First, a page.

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Michigan 36, Indiana 33: the day after.

Here are the stats.  I'm a bit surprised at how much the postgame chatter centers on the call at the end.  I do think it was a bad call, although SCM at Maize n Brew has a bunch of Zapruder film-quality cell phone photos that  conclusively prove that everyone else in the country is wrong.  I really don't care.  First, the play happened with two minutes remaining and 70 yards from the end zone.  Considering the way the IU offense moved the ball for most of the day, I would have loved to see what Chappell and the offense could have done with it, but Michigan probably would have won anyway.  The best way to avoid consequential bad calls is to put the game away if there is a chance to do so.  IU had those chances.

 

It's not an original thought, but of course the true story of the game is that IU, despite moving the ball well, was forced to settle for field goals on 4 of 5 trips to the end zone.  IU outgained Michigan 467 to 372 and averaged 6.0 yards per carry to Michigan's 3.0.  Certainly, big plays, both Darius Willis's 85 yard run and Michigan's multiple botched snaps, affected those numbers. 

Individual performances:

  • Darius Willis.  Willis's first meaningful playing time came against Akron last week, and he showed that his preseason reputation was well-deserved. If IU had held on for the win, his 85-yard touchdown run would have become one of the most storied plays in IU history.  Even subtracting out his 85 yard run, he averaged 4.6 yards on his other 15 carries. 
  • Tandon Doss.  After playing sparingly last year, Doss continues to impress.  He led IU with 104 receiving yards and added 41 yards on the ground, including a couple of nice gains on a triple option look that IU had not shown before.
  • I thought the offensive coaches had a nice gameplan and the aforementioned triple option twice exploited a weakness in the Michigan defense.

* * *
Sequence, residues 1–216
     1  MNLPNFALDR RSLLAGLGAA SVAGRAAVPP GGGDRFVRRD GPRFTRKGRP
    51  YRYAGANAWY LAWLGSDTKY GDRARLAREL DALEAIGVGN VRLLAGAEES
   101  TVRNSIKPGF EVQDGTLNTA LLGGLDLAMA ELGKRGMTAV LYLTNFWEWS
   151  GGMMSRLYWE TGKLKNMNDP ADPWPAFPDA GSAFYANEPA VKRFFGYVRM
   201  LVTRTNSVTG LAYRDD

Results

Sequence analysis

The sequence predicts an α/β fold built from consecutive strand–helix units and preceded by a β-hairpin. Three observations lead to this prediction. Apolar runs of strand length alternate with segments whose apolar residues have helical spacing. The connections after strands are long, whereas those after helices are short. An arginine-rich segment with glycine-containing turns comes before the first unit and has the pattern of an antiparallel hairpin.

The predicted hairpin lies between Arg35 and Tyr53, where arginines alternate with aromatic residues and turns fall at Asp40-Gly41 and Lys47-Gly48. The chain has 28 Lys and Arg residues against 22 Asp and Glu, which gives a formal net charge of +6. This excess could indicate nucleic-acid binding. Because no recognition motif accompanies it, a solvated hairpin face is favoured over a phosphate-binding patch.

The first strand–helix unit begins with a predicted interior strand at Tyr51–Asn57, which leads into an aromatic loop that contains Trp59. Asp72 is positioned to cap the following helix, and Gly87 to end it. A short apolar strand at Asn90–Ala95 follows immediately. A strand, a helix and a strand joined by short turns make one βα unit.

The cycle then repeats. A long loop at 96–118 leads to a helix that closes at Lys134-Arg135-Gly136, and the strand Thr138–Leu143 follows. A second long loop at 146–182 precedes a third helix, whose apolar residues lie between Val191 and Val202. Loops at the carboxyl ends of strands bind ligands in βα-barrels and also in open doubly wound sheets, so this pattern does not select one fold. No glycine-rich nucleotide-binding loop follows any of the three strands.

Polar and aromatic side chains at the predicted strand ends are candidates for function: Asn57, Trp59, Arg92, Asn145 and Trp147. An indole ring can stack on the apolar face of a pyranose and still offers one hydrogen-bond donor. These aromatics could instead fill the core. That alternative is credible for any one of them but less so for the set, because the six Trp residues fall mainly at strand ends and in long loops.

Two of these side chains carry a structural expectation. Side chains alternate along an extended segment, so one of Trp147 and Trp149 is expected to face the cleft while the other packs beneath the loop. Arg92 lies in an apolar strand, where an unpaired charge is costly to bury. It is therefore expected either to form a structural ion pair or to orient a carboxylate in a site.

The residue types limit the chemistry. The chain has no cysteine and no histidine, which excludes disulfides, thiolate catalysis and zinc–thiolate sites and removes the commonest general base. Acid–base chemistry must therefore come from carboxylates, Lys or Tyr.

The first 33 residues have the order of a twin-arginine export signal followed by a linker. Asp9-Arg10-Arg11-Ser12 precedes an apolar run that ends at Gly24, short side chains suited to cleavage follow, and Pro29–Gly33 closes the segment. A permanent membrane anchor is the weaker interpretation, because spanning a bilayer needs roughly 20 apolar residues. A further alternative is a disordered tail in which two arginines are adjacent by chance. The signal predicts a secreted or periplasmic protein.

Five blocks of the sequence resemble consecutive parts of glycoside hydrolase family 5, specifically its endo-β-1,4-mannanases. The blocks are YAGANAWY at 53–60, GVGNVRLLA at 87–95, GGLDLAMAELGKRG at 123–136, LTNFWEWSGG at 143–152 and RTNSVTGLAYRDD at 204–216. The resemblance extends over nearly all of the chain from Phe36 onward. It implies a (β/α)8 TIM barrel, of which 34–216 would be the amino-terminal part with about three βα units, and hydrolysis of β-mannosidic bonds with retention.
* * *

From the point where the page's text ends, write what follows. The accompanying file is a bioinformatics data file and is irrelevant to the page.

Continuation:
• Max Dedmond, Terrence Turner, and Damarlo Belcher all made an impact.
  • Ben Chappell.  Chappell's completion percentage was a bit down, but he was competent against the best team the Hoosiers have played this season.

Maybe I will revisit this one in more detail as the week goes on, maybe I won't.  I don't want to assign more significance to the game than it deserves.  IU played well for most of the day and had a chance to win on the road against a ranked team in one of the most imposing venues in sport.  Still, this doesn't guarantee any future success anymore than IU's lackluster performance against Eastern Kentucky guaranteed that IU would fail to compete with Western Michigan, let alone Michigan.  IU last won a road game against a ranked team in 2004, at Oregon, and the Hoosiers won only one more game all year.  The last time that IU played a really close game in Ann Arbor was in 1996, when IU was in the middle of a 15 game conference losing streak. IU plays Ohio State next Saturday, and while I hope that IU can be every bit as competitive against OSU as against Michigan, I continue to think that the two games after that, the road trip to Virginia and the homecoming night game against Illinois, will set the course of the season.